Winter came to northern Greece; Brasidas had expanded his army with Thracian allies, and he determined to march upon Amphipolis, an Athenian colony.  The town was important for its gold and silver mines which helped fund Athens, and it was strategically placed near the sea on the way to the Hellespont – an area near which grain shipments to Athens passed.  As had been the case in other Thracian towns, a faction within Amphipolis had contacted the Spartans to signal their support for Sparta and urge it to come. Although it was founded by Athens, the town had a mixed population, including some of neighboring Argilus who were active in the plot.  Brasidas marched through the snowy night, rendezvousing in and securing Argilus on the way.

Arriving at the bridge near Amphipolis, Brasidas’ men overwhelmed the guards and crossed to the parts of the town outside the walls.  The citizens were caught completely by surprise and fled inside the walls in great confusion. Athens had been aware that an attack might potentially come and had sent a general, Eucles, to advise Amphipolis.  Eucles immediately sent for help from his colleague Thucydides (later the historian of the same name) who commanded seven ships off the coast, but as it turned out these failed to arrive in time. Sensing that he had to move fast, Brasidas conveyed moderate terms of surrender to Amphipolis which were accepted as the bulk of the populace were impressed by the gentleness of Brasidas.  His message of ‘Greek Freedom’ had won hearts and minds in Thrace.


The same winter even more towns signalled their desire for independence from Athens.  Brasidas took Myrcinus, Galepsus, Oesime, Torone and other towns on the Acte peninsula.


The Truce

Such was the success of Brasidas that Athens began to negotiate more earnestly with Sparta for a cessation of hostilities, and the two parties concluded a truce which was to last one year.  While the truce held in most parts of Greece, Brasidas largely ignored it. On the eve of its agreement he took Scione in the Chalcidice. There his campaign for “Greek Freedom” so won the hearts of the populace that they crowned him and titled him “Liberator of Hellas.”  After the truce was already in effect, he moved on the town of Mende. Athens was understandably furious at this and sent an expedition to reconquer Scione and Mende.


At this time, King Perdiccas again called on Brasidas to support him in an attack on the Lyncestians.  Unable to reject this request, the Spartan general travelled north to Macedonia. Meeting the Lyncestians in battle they soundly defeated them.  They were both however betrayed by the Illyrians and when Perdiccas’ army fled, the Peloponnesian force was left alone to fight a retreat from Lyncestis.  Harrassed by the pursuing enemy, Brasidas brilliantly rallied and controlled his men so that they repulsed attack upon attack even as they marched. His understanding of the terrain was such that just as the Illyrians were about to close his route of exfiltration, he ordered a crack unit to dislodge them from a key hilltop so decisively that the enemy despaired in its pursuit.  The Peloponnesians successfully returned to Thrace, but their alliance with Perdiccas was in ruins.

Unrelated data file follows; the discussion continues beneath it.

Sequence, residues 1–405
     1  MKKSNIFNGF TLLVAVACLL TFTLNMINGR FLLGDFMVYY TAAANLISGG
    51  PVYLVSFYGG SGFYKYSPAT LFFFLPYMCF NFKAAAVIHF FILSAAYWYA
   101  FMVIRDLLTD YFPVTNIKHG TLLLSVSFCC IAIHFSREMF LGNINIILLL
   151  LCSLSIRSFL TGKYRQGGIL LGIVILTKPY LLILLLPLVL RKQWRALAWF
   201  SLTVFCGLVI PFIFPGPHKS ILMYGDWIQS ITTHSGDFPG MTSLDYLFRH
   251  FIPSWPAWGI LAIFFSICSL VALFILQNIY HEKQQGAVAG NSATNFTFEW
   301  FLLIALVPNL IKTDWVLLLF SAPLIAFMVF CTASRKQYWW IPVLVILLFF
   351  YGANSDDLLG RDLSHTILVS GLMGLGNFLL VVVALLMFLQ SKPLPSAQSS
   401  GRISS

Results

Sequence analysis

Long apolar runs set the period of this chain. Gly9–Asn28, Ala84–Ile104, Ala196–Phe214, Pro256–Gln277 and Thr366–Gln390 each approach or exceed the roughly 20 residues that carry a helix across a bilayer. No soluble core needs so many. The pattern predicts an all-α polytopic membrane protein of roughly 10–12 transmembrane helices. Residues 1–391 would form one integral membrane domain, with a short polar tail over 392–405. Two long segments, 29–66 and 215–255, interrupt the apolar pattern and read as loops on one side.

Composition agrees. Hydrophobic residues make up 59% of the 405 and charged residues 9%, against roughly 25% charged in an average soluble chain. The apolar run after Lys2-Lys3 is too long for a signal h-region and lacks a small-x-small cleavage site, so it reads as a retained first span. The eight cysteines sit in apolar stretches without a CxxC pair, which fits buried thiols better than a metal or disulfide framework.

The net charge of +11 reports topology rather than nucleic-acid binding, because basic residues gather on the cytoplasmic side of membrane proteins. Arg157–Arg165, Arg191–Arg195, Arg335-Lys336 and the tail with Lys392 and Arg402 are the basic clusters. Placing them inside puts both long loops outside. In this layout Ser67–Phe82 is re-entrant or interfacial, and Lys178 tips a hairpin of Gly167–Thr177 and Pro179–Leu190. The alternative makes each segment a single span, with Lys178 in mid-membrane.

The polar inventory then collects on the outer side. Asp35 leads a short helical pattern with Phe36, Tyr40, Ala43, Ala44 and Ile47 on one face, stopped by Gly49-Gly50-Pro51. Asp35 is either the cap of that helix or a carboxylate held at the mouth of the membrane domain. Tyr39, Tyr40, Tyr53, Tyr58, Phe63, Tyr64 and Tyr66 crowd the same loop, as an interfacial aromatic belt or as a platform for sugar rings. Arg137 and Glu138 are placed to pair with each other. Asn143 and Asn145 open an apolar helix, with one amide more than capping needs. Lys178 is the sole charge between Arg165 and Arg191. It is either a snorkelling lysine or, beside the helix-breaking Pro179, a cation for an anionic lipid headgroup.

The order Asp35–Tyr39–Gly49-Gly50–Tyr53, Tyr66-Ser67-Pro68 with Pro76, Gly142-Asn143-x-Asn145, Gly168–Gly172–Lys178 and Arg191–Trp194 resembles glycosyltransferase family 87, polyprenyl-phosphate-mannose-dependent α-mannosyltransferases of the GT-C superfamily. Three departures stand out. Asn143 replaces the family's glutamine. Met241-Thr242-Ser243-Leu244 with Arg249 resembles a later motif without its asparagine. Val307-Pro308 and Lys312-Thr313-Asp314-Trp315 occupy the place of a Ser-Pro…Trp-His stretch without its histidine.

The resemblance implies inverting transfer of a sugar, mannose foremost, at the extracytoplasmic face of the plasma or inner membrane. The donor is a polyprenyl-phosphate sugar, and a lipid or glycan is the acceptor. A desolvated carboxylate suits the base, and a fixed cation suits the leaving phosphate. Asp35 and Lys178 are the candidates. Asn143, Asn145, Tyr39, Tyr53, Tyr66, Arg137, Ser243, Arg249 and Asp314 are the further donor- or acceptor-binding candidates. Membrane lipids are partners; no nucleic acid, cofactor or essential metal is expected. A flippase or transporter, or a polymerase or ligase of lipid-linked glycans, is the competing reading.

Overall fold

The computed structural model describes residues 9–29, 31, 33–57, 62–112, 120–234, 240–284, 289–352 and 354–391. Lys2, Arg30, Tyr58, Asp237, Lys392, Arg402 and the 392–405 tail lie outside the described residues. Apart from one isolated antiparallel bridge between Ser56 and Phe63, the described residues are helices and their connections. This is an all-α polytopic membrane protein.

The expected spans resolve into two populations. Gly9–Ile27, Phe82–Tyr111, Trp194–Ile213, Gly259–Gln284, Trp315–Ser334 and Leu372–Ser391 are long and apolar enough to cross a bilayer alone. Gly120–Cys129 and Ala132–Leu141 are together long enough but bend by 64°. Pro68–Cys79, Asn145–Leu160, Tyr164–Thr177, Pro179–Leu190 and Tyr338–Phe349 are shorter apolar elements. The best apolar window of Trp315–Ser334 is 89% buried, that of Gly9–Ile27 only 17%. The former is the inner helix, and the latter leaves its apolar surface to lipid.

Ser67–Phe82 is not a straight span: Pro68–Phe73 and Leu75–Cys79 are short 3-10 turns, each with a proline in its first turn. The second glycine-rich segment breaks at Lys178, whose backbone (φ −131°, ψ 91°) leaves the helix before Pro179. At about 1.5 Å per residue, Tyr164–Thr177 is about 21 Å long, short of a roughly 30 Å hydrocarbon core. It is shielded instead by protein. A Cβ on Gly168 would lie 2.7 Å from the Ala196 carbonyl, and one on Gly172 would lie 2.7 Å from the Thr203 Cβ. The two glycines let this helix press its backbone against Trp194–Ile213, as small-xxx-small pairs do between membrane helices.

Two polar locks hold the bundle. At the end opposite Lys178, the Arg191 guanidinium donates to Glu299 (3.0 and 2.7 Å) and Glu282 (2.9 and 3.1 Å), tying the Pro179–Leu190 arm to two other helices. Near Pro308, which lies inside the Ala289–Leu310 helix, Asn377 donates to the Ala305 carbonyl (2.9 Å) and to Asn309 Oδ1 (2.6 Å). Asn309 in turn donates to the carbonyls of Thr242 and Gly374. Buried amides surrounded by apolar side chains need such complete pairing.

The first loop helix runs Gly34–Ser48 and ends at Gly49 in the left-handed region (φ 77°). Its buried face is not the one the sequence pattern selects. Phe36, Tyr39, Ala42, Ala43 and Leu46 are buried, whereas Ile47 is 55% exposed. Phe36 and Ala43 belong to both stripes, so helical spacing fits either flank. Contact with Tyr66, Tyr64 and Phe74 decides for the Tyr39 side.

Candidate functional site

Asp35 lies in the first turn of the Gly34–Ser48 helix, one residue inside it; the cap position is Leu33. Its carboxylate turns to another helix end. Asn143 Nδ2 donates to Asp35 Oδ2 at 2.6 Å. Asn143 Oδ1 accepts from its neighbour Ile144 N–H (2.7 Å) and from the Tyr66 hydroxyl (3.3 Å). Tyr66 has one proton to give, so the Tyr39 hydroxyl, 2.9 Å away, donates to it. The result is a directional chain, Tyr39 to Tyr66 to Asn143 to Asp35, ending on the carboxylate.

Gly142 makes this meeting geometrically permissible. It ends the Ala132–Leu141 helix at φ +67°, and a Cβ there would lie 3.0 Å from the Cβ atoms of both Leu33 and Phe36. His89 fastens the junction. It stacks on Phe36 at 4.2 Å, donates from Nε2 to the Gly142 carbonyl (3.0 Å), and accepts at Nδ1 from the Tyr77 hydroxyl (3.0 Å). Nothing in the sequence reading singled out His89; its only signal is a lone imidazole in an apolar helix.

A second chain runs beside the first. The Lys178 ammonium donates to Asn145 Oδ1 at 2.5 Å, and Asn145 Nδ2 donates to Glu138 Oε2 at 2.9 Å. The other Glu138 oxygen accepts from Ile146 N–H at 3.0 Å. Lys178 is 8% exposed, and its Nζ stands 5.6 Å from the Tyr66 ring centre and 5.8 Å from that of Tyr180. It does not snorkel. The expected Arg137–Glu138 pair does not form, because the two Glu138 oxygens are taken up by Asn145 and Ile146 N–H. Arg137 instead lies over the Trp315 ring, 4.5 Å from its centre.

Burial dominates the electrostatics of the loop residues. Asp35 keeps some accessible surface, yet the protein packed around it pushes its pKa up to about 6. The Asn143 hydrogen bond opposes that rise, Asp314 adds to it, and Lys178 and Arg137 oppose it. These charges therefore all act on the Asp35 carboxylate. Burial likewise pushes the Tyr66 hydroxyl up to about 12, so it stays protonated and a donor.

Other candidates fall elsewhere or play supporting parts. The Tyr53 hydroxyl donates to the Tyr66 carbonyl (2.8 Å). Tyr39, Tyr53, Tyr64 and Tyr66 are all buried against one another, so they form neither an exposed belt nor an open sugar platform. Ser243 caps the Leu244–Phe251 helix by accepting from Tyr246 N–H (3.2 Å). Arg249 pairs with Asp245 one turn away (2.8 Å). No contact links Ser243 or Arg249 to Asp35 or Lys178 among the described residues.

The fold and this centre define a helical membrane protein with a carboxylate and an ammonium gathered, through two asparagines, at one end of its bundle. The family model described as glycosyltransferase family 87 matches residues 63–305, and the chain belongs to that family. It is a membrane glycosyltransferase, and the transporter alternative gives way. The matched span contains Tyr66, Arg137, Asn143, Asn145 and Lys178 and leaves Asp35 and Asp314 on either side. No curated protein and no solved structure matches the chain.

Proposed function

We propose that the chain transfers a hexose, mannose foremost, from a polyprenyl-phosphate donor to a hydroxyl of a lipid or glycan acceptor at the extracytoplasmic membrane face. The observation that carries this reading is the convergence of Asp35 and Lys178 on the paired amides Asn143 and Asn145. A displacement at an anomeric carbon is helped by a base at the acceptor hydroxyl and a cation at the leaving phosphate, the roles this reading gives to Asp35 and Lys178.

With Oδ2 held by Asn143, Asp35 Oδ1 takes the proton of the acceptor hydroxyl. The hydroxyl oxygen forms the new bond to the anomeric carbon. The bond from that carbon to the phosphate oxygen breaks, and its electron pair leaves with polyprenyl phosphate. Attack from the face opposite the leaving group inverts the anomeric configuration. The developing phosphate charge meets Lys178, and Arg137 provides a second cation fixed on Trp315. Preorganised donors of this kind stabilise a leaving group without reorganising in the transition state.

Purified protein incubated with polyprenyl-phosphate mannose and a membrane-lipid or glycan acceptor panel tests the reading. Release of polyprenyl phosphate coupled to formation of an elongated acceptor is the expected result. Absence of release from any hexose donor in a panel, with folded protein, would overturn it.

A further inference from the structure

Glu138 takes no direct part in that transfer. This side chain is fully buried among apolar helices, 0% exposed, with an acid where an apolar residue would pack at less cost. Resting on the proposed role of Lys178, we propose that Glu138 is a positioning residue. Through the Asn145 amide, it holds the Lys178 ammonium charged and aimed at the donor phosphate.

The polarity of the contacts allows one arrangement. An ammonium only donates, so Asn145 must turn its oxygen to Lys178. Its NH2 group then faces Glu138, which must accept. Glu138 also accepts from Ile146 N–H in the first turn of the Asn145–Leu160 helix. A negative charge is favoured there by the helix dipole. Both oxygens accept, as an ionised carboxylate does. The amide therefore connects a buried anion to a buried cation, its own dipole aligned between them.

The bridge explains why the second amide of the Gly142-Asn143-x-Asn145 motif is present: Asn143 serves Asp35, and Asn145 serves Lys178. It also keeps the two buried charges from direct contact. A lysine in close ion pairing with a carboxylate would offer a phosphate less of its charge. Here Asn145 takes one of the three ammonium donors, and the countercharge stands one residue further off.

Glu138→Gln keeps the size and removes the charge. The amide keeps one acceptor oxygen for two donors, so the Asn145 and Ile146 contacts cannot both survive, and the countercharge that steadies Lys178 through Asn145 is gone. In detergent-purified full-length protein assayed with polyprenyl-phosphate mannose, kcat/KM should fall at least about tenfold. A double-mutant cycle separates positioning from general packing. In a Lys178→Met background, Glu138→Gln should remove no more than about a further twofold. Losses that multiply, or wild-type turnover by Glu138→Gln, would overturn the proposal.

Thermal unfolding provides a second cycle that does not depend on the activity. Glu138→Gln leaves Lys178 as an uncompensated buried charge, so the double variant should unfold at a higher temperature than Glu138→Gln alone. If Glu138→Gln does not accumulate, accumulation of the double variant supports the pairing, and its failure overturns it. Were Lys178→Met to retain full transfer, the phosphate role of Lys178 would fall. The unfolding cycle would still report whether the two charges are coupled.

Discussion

Back in Torone, Brasidas discovered that the Athenian expeditionary force had retaken Mende.  It then lay siege to Scione and made an alliance with Perdiccas which thereby isolated Brasidas in the north.  Sparta moved to reinforce its maverick general, but this time the Thessalians did not allow the troops to pass through their territory.  Eventually, the Athenians would have no more of the Spartan duplicity and the truce was broken. Athens sent a large force of thirty ships to oust Brasidas from Amphipolis and other cities.


Clash at Amphipolis: Brasidas vs. Cleon

The Athenian general, Cleon, was a leading politician of Athens and like Brasidas he was hawk who believed that his side could secure victory by force of arms.  His opening moves met with success. While still besieging Scione, he attacked and captured Torone, defeating the Spartan general, Pasitelidas, there. Brasidas rushed to support Torone but arrived too late.